Resource conservation becomes sustainability
July 19, 2007
By Alison Wayner
Ohio University has changed the name of its one-year-old Office of Resource Conservation to better reflect the office's evolving focus. The new name - Office of Sustainability - conveys that the office has expanded its scope beyond resource conservation activities as it takes steps to make the university a more ecologically sensitive institution.
Executive Director of Facilities Management Harry Wyatt notes that the new name signals the university's commitment to being a state leader in working toward a "green" university.
"We are taking the office to the next level," Wyatt said. "With the campus' commitment to the climate initiative and mandates from the state to monitor our carbon footprint, the scope is broadening from just conservation. The work of this office will serve to influence projects campuswide."
Among the office's major accomplishments in its first year was securing more than $320,000 in grant funding to establish the first full-scale composting system at an Ohio college or university by spring 2008. The project will create what's believed to be the largest in-vessel composting system at a college in the United States. An in-vessel system allows for the processing of biodegradable waste to a fertile soil additive in just 14 days.
President Roderick J. McDavis' signing of the American College and University Presidents' Climate Commitment in March was another high point for the office this year. The commitment pledges that the university will address global warming through completion of a greenhouse gas emissions inventory, creation of a climate action plan and establishment of target dates for climate neutrality among other things. The university's greenhouse gas emissions inventory is already under way.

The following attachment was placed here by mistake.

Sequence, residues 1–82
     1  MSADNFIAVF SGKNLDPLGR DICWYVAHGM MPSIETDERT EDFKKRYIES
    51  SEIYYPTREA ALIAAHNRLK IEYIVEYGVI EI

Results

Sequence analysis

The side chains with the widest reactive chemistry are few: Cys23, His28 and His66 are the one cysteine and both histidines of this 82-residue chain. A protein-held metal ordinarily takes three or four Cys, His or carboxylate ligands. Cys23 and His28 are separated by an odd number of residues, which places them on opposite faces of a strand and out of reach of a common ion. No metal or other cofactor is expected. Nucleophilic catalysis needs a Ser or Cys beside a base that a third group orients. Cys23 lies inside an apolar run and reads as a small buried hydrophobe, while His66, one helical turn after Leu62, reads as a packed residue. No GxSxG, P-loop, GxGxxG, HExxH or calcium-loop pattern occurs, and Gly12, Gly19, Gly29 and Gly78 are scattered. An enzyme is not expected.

Sonia Marcus, whose title has changed from resource conservation coordinator to sustainability coordinator, said the office's name change demonstrates the degree to which Ohio University is looking at environmental issues from a more integrated perspective.
Marcus noted that while resource conservation is still central to the office's mission, considerable emphasis also is placed on proactively searching for ways to "do the right thing" from economic, social and environmental perspectives.
"That is what sustainability is all about," Marcus said. "Initiatives such as the Presidents' Climate Commitment, the composting project, RecycleMania, Earth Week and the Ecohouse are all addressing those integrated needs."